I Don’t Know How to Plan a Trip

I believe you. With so many options and variables, even those who work in the industry sometimes feel like their head is about to explode. But no one is saying you have to do it all yourself. Find yourself a knowledgeable travel agent or talk to someone who knows the drill. For example, this blog is full of ideas and advice. If you lack confidence, start with something small; a cruise, a road trip, an all-inclusive. Once you recognize that you’re a reasonably intelligent human being and that this isn’t advanced Quantum Physics, your confidence and sense of adventure can only grow.

I’m Scared

I’m not going to patronize you and say that there’s nothing to be worried about. The world is a scary, unstable place. But you know what? The same is true where you live. To overcome your fears you have to first learn why you have them. I realize this might be unpleasant. Finding the root of your fears is like giving a prostate exam – uncomfortable even if you do manage to put your finger on it. Still, all it takes is to realize that the benefits far outweigh the risk, and much like that exam, it will leave you with greater peace of mind.

Traveling is a Hassle. I’d Rather Just Read About It

OK, it’s time for me to pull out the big guns. Let me tell you about the best meal I’ve ever eaten. It was in the restaurant of a tiny hotel overlooking a valley on the Italian island of Ponza. First came the antipasto – a delicious medley of fresh olives and cheese bathed in a light drizzle of olive oil. Next came the rice balls and potato croquettes. After that the waiter brought out a heaping dish of linguini with shrimp topped by a dusting of fresh-ground parmesan cheese. Finally, after well over an hour of eating, came the main course – baked swordfish that was caught just that morning. I’d describe it further but it’s hard to see through all the tears welling up in my eyes at the memory alone. Suffice to say it was fabulous, especially when washed down by salad, dessert and a potent bottle of the local wine.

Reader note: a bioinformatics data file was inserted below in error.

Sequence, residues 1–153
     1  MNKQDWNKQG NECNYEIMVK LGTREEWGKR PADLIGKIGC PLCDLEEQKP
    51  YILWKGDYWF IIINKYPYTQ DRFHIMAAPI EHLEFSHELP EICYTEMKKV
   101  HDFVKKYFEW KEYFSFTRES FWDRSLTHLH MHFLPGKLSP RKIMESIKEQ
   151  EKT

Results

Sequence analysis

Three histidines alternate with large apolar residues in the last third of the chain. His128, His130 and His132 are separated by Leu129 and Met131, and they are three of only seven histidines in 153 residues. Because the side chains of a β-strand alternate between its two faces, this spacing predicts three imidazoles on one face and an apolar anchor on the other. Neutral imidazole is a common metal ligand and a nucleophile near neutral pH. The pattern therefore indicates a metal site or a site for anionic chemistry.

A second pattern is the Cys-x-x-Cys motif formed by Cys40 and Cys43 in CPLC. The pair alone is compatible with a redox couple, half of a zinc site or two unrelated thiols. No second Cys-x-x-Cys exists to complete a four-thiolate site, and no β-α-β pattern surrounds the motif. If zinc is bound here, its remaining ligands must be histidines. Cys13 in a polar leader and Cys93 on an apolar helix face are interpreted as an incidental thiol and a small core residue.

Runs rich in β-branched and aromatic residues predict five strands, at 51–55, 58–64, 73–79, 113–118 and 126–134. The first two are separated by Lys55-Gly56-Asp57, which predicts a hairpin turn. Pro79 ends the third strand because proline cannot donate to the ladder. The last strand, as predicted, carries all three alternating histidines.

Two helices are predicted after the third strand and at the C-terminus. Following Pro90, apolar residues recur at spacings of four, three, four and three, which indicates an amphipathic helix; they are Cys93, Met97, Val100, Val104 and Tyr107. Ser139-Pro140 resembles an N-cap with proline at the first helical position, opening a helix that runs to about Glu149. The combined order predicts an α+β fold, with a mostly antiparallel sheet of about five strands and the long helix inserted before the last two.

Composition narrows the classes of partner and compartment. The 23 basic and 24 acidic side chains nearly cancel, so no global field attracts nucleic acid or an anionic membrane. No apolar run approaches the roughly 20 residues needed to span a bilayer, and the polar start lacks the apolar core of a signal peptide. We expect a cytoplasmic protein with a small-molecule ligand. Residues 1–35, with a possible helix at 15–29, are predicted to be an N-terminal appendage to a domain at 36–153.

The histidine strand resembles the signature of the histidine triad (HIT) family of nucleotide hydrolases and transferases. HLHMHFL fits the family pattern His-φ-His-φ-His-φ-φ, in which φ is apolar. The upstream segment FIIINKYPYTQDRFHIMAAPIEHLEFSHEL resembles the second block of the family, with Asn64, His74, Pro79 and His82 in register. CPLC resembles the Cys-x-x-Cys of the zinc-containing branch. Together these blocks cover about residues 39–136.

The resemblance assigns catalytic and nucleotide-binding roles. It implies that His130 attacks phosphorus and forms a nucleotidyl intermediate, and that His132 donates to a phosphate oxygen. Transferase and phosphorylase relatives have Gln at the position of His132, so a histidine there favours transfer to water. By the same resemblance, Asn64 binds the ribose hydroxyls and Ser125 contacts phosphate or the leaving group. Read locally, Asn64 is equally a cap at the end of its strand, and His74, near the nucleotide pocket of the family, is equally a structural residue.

Now why would I torture you (and myself) by describing in great detail this delicious feast? To illustrate the downside of living solely through description. Maybe with lots of effort I can convey the crispiness of the rice balls; the soft texture of the pasta; the heady flavor of the wine that was likely bottled right there in the basement – but I can tell you truthfully; it doesn’t compare to actually experiencing it firsthand.

Have I made my point? Travel is the same thing. You can read about the Taj Mahal, but witnessing it in person is a whole different animal. I can tell you about how charming the Brazilian town of Parati can be, but until you’ve walked those uneven cobblestone streets bathed in half-light to the sound of a street musician, it’s all just theoretical. I know traveling can be a hassle – nobody likes being on a plane for long stretches of time – but it still doesn’t replace making the scenes you’ve heard described here your own.

I’m a Quadriplegic with Anxiety Disorders Chained to a Radiator in the Basement

I can’t tell you how many times I’ve heard this exact same excuse (actually, I can) but if this is you, I will readily concede that your excuse is valid. In fact I really hope that you’ve enjoyed this post. From the sound of things, it doesn’t seem like you’ve got much else going for you.

Though I’m sure there are many more excuses you can come up with, I don’t have time to address them all. I think that in all things, anyone actively looking for an excuse can find one. I don’t feel any particular rancor toward those that do. I just feel kind of sad. Along with relationships, experiences are among the most valuable things a person can ever have. Missing out on that great adventure is akin to never meeting a person that would one day be one of your dearest friends. So don’t let that happen to you. I know your chair is comfy. I know you might already be in your PJ’s. Just start making your travel plans and leave the excuses for someone else – because I’m not buying them.

If you haven’t already done so, check out the preview of You Can Keep Your Adventure, Just Leave Me the Toilet Paper by clicking here and stay tuned to this blog for more release details.